A History of Blood Diamonds
When ever the RUF took over a big or rich diamond mine, the government would collapse economically. The soldiers of Sierra Leone were not able to get arms and ammunitions for themselves. Since the government could not pay its soldiers, some left the army and joined the RUF.
When the RUF came back they were more brutal than ever. They used amputation as a technique to scare the government. They chopped the hands off of everyone who voted for Ahmad Tejan Kabbah.
In 2000 the RUF started attacking more important places such as Freetown. A small but heavily armed British intervention force was sent to Sierra Leone. The RUF was crushed. Soon both the UN force and the British force had routed the RUF and finally captured Foday Sankoh. In 2002 Ahmad Tejan Kabbah then declared the civil war was over.
After their ten year attempt at taking over the country violently, the RUF were forced by the United Nations to disarm. They became a political party in 2002 but disbanded 5 years later.
Angola is a big country in the South west part of Africa. For more than 2 decades Angola suffered from civil war. The civil war started in 1975, when Portugal granted Angola freedom, two groups were formed. One was the Popular Movement for the Liberation of Angola (MPLA). They controlled the country from the capital of Rwanda. Another group was the National Union for the Total Independence of Angola (UNITA). UNITA was led by Joseph Savimbi. The United States supported UNITA.
The MPLA used the revenue from the oil of the coast of Angola to arm their soldiers. In response UNITA took over all the diamond mines as a source of revenue. In 1992 UNITA took over 60%-70% of Angola’s diamond mines. Many of the people who were forced to work for UNITA became slaves to UNITA.
UNITA had a complex way of selling their diamonds. Diamond dealers from all over the world would come to UNITA, sometimes forming joint mining partnerships. Many of the diamonds would go through Antwerp, Belgium. UNITA in one year made 3.7 billion dollars. When UNITA needed arms, weapons dealers would come to them and trade diamonds for weapons. No money was involved at all.
In 1998 the United Nations banned all diamond trade from Angola that wasn’t certified by the country itself.
Sierra Leone and Angola are just some of the countries in Africa plagued with the practice of mining and selling of Blood Diamonds. Other countries have also faced brutality similar to the people of Sierra Leone and Angola .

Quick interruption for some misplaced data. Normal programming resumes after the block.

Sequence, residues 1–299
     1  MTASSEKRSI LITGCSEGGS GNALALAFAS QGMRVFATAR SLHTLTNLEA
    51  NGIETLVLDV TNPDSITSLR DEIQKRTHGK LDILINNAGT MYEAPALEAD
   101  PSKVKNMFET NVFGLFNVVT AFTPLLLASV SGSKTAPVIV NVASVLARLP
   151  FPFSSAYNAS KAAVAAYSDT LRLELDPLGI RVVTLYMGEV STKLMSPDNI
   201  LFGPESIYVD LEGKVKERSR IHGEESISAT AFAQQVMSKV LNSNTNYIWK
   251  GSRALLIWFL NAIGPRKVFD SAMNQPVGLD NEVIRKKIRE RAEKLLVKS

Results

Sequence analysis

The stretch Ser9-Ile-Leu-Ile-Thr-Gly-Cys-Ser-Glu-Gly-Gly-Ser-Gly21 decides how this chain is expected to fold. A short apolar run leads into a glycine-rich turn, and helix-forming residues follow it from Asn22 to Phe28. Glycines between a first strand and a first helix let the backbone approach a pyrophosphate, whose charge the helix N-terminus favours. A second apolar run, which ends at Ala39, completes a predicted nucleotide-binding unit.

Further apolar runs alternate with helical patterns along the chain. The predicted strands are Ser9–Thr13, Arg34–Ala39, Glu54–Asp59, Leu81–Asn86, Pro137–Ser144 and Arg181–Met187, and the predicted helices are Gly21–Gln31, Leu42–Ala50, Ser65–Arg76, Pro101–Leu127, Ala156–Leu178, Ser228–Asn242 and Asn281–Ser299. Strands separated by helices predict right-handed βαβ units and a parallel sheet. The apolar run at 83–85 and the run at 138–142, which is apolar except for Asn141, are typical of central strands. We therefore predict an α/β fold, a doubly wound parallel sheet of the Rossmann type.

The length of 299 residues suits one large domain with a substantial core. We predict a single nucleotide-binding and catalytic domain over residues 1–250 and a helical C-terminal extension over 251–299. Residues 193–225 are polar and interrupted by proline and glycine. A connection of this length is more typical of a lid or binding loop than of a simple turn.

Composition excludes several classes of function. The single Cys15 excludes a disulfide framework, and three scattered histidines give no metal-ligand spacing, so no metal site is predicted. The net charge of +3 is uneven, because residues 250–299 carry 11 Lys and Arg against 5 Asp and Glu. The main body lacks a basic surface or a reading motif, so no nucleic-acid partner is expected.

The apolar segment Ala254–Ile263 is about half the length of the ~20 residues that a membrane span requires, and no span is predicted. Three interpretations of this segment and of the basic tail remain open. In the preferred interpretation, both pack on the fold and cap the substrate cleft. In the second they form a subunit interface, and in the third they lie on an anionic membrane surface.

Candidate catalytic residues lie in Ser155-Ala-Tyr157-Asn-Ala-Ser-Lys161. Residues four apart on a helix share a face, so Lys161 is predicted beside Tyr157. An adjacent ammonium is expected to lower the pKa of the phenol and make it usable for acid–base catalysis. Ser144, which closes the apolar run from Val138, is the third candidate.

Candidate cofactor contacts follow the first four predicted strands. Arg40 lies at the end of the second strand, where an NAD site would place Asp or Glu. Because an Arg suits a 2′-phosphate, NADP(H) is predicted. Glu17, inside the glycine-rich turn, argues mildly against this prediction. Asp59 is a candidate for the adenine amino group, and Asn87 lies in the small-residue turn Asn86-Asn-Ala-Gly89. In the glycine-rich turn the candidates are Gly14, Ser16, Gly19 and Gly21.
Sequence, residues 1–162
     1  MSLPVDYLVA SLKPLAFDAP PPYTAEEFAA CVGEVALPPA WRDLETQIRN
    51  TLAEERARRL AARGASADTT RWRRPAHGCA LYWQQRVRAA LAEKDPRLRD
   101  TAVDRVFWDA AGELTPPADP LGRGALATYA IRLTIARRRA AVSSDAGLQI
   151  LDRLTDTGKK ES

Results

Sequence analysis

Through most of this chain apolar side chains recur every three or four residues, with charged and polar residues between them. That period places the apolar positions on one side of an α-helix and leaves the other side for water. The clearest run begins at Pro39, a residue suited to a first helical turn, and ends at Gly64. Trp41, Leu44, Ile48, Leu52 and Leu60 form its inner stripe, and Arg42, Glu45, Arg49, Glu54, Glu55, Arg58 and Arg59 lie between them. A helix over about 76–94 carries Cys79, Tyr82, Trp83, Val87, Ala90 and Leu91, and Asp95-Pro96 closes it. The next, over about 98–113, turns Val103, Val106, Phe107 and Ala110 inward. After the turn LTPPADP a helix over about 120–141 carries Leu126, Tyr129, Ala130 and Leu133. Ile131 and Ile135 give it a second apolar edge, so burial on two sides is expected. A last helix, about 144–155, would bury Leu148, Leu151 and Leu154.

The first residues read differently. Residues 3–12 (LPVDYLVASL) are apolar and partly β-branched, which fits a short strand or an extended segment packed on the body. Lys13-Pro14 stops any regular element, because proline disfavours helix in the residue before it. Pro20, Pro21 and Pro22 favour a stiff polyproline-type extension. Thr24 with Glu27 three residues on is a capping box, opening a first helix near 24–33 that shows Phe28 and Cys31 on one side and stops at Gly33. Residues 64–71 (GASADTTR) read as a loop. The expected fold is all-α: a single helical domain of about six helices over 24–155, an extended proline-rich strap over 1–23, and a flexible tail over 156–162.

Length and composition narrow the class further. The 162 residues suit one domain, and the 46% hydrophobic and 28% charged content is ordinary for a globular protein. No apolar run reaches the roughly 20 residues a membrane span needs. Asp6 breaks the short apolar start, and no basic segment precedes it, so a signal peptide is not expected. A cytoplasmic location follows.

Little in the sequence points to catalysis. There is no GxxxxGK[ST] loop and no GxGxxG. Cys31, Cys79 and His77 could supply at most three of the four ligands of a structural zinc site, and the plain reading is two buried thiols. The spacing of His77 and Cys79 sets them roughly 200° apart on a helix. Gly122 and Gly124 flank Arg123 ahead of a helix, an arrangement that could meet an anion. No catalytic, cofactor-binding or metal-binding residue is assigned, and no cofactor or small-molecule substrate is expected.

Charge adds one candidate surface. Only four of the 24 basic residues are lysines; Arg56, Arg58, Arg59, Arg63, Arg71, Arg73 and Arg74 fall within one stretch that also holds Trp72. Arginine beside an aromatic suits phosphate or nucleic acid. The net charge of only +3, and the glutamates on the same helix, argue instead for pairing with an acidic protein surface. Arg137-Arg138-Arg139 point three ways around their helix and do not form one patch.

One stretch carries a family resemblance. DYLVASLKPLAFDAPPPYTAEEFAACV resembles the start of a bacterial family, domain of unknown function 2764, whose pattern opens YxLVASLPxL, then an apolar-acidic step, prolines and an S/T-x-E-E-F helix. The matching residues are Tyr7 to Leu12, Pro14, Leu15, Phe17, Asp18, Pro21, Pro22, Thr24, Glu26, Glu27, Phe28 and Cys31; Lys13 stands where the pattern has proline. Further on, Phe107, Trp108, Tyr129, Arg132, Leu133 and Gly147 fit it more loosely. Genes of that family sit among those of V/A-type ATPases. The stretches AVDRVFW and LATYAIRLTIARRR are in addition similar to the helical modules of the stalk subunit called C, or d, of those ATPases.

What you can do today
Retailers cannot guarantee that the diamond you purchase is not a conflict diamond. As consumers, we have the power to change that by demanding details about the diamonds we buy. Demanding proof that a diamond is conflict-free sends a powerful message to the world that we will not support an industry or nation that helps fund terror groups. Change won’t happen overnight, but it will happen if we are persistent.Canadian diamonds – the Code of Conduct
Canada has made progress in identifying diamonds originating in its mines. The Voluntary Code of Conduct for Authenticating Canadian Diamond Claims sets a standard for authentication of claims that a diamond is Canadian — and conflict free.Adhering to The Code requires each company to initiate a paper trail that tracks a diamond’s progression from the mine to its retail destination. The Code also includes rules for proper handling, packing and marking of all diamonds that are represented as Canadian stones. Even with the guidelines, there’s no way to absolutely guarantee a diamond is Canadian, but the process definitely helps eliminate doubt.The Canadian program is voluntary, so not all retailers participate. Those who do must provide consumers with: The diamond Identification Number
The retailer’s name and address
An invoice number and the date of the invoice
The polished diamond description
An explanation of the Code
A list of signatories of the Code is available online, naming retailers and wholesalers who are committed to following the Code’s procedures.
It’s difficult for most of us to imagine what life is like in countries where diamonds are the source of so much chaos and suffering, and the connection between terror and diamonds is not something that’s reported heavily in the press. The 2006 movie Blood Diamond, starring Leonardo DiCaprio, should help make the issues more mainstream, if only temporarily.
Take some time to learn more about the problems that conflict diamonds create, then follow your heart the next time you shop for a diamond.